-- Debra Patterson, kindergarten teacher, Mitchell;

-- Anita Riggans, special education teacher, General Smallwood Middle School; and

-- Jane Thoman, specialist in mathematics, Starkey.

Employees with 30 years of service are:

-- Sandy Andrews, secretary to the principal, Gale-Bailey Elementary School;

-- Carolyn Crouse, food service manager, Neal;

-- Marsha Dawes, special education instructional assistant, Thomas Stone High School;

-- Mary Downs, business education teacher, Lackey;

-- Shirley Farren, secretary, Radio Station Road Annex I Building;

-- Linda Hollomon, fifth-grade teacher, Malcolm Elementary School;

-- Richard Kelly, special education teacher, Mattawoman Middle School;

-- Clifford Nagle, athletic director, La Plata;

-- Vivian Nelson, special education teacher, Stone;

-- Pomie Radcliff, physical education teacher, Mary H. Matula Elementary School;

-- Louis Sweetney, building service assistant manager, North Point High School;

-- Joy Thompson, middle school reading teacher, Somers.

Employees with 25 years of service are:

-- Hassan Adeeb, social studies teacher, Westlake;

-- Bonnetta Adeeb, special education teacher, Stone;

-- Theresa Alo, art teacher, North Point;

-- Joanne Anderson, media instructional assistant, Ryon;

-- Kimberly Bean, first-grade teacher, William A. Diggs Elementary School;

-- Jody Beard, reading kindergarten instructional assistant, Indian Head Elementary School;

-- Carol Brock, reading middle school instructional assistant, Somers;

-- Debra Calvert, principal, Dr. James Craik Elementary School;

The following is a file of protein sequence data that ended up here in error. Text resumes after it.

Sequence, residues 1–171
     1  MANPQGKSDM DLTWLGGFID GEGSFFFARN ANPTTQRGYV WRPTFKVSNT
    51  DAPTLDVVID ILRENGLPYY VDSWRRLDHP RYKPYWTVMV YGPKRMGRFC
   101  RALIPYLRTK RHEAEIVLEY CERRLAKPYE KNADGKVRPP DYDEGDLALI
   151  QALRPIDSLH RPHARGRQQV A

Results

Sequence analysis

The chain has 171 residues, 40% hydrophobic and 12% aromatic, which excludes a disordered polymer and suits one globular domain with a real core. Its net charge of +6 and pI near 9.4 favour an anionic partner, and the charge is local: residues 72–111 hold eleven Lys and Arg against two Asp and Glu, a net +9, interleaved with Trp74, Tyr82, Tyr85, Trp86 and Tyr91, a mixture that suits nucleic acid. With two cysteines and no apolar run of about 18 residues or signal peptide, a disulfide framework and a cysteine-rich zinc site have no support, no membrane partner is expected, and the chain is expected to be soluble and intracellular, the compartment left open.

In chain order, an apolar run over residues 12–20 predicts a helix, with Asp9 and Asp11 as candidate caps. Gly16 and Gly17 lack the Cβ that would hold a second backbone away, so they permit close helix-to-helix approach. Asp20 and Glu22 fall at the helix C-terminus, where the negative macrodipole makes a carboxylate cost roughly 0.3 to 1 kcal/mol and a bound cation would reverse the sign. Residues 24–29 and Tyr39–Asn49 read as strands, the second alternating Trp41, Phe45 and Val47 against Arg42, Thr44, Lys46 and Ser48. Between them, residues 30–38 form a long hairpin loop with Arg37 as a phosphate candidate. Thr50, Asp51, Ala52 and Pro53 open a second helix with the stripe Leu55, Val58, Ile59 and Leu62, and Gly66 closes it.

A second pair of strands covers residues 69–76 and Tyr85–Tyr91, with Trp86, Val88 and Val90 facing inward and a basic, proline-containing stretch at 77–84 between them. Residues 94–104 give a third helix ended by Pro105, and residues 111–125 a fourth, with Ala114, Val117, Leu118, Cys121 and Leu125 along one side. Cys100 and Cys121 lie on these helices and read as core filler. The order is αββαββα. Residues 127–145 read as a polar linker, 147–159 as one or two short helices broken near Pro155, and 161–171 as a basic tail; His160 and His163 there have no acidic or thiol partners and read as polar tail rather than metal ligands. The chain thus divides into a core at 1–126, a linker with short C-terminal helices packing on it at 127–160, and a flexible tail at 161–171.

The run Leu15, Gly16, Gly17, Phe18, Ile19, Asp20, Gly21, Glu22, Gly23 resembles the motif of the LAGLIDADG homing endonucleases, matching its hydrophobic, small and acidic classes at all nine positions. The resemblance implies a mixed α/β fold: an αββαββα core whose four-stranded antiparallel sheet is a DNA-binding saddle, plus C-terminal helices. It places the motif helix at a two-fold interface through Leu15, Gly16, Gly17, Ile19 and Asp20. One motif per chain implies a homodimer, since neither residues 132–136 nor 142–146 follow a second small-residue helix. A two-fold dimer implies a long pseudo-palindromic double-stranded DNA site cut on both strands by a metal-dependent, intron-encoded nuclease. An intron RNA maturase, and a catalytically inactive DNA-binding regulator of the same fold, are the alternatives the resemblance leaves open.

-- Valerie Chase, second-grade teacher, Dr. Gustavus Brown Elementary School;

-- Elaine Coombs, special education teacher, Daniel of St. Thomas Jenifer Elementary School;

-- Jacqueline Couvillon, vice principal, Martin;

-- Paul Dunlevy, elementary science teacher, Dr. Samuel A. Mudd Elementary School;

-- Linda Dunlevy, language arts teacher, Matthew Henson Middle School;

-- Ann Fabian, job placement technical specialist, Robert D. Stethem Educational Center;

-- Karen Fowler, pupil personnel worker, Starkey;

-- Dorothy Gannon, elementary science teacher, Eva Turner Elementary School;

-- Debra Gent, pupil personnel worker, Starkey;

-- Bridgette Greathouse, food service worker, Somers;

-- Kerry Grosche, auto collision repair teacher, North Point;

-- James Gross, building service worker, Berry;

-- John Haldeman, art teacher, Wade;

-- Pamela Hawkins, building service manager, Higdon;

-- Nancy Jeffrey, German teacher, Stone;

-- Linda Keyton, third-grade teacher, Wade;

-- Carrie Lamb, instructional resource teacher, Brown;

-- Donald Layton, physical education teacher, Lackey;

-- Mary Long, vice principal, Ryon;

-- Janet Lutz, third-grade teacher, Malcolm;

-- Joseph McMahan, third-grade teacher, Brown;

-- Cynthia McRoy, fixed asset/purchasing analyst, Starkey;

-- Amy Miller, reading resource teacher, Mattawoman;

-- Kathy Perriello, principal, Smallwood;

-- Linnea Proctor, building service manager, Mitchell;

-- Karen Robertson, secretary to the principal, Diggs;

-- Christina Saylor, secretary, La Plata;

-- Joy Sheff, secretary, Gale-Bailey;

-- Thomas Smallwood, building service assistant manager, Brown;

-- Patricia Trader, pre-school instructional assistant, C. Paul Barnhart Elementary School;

-- Wendy Wenk, food service worker, La Plata;

-- Stephanie Wesolowski, principal, Theodore G. Davis Middle School;

-- Deanna Wheeler, elementary science teacher, J.C. Parks Elementary School;

-- Olivia Willis, second-grade teacher, Brown; and

-- Thadine Wright, principal, Parks.